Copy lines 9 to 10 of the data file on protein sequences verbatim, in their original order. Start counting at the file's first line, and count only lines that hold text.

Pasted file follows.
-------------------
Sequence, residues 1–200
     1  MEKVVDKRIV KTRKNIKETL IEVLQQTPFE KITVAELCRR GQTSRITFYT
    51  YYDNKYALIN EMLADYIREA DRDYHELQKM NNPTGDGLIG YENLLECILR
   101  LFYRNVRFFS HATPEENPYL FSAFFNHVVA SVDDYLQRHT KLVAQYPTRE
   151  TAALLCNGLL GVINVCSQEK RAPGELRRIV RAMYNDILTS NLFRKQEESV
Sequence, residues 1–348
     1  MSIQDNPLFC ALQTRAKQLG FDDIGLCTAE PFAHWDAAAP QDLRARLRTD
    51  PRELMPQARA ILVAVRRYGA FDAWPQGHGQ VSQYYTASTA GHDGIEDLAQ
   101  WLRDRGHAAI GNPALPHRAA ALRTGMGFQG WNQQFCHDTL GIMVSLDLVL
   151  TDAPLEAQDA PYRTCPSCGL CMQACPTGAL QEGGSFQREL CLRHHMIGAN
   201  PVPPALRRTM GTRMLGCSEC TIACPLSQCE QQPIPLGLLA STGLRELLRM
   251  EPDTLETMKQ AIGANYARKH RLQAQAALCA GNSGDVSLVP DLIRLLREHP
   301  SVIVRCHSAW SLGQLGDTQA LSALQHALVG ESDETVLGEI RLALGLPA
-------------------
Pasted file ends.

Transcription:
   101  WLRDRGHAAI GNPALPHRAA ALRTGMGFQG WNQQFCHDTL GIMVSLDLVL
   151  TDAPLEAQDA PYRTCPSCGL CMQACPTGAL QEGGSFQREL CLRHHMIGAN